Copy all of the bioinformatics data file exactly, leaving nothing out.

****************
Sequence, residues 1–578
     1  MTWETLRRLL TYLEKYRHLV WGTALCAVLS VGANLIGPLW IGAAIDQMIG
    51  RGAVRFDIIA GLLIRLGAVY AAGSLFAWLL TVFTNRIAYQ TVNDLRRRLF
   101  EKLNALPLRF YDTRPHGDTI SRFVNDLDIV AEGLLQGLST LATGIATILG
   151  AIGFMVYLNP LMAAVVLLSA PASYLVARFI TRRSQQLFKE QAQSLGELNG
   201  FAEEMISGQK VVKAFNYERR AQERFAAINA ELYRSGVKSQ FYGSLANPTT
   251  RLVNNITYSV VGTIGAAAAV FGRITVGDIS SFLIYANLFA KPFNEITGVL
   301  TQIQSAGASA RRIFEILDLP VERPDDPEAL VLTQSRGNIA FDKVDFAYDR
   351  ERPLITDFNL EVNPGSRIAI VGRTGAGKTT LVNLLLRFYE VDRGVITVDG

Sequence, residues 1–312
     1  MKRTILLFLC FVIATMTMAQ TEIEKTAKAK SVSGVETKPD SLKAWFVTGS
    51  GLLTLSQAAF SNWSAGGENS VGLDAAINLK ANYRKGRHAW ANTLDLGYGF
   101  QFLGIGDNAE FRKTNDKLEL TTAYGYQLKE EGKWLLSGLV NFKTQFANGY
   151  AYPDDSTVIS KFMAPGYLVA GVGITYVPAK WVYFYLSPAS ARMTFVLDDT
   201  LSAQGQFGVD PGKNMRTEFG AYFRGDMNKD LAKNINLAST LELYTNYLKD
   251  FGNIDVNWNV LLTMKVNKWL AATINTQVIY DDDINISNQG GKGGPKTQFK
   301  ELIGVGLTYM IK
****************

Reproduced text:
Sequence, residues 1–578
     1  MTWETLRRLL TYLEKYRHLV WGTALCAVLS VGANLIGPLW IGAAIDQMIG
    51  RGAVRFDIIA GLLIRLGAVY AAGSLFAWLL TVFTNRIAYQ TVNDLRRRLF
   101  EKLNALPLRF YDTRPHGDTI SRFVNDLDIV AEGLLQGLST LATGIATILG
   151  AIGFMVYLNP LMAAVVLLSA PASYLVARFI TRRSQQLFKE QAQSLGELNG
   201  FAEEMISGQK VVKAFNYERR AQERFAAINA ELYRSGVKSQ FYGSLANPTT
   251  RLVNNITYSV VGTIGAAAAV FGRITVGDIS SFLIYANLFA KPFNEITGVL
   301  TQIQSAGASA RRIFEILDLP VERPDDPEAL VLTQSRGNIA FDKVDFAYDR
   351  ERPLITDFNL EVNPGSRIAI VGRTGAGKTT LVNLLLRFYE VDRGVITVDG

Sequence, residues 1–312
     1  MKRTILLFLC FVIATMTMAQ TEIEKTAKAK SVSGVETKPD SLKAWFVTGS
    51  GLLTLSQAAF SNWSAGGENS VGLDAAINLK ANYRKGRHAW ANTLDLGYGF
   101  QFLGIGDNAE FRKTNDKLEL TTAYGYQLKE EGKWLLSGLV NFKTQFANGY
   151  AYPDDSTVIS KFMAPGYLVA GVGITYVPAK WVYFYLSPAS ARMTFVLDDT
   201  LSAQGQFGVD PGKNMRTEFG AYFRGDMNKD LAKNINLAST LELYTNYLKD
   251  FGNIDVNWNV LLTMKVNKWL AATINTQVIY DDDINISNQG GKGGPKTQFK
   301  ELIGVGLTYM IK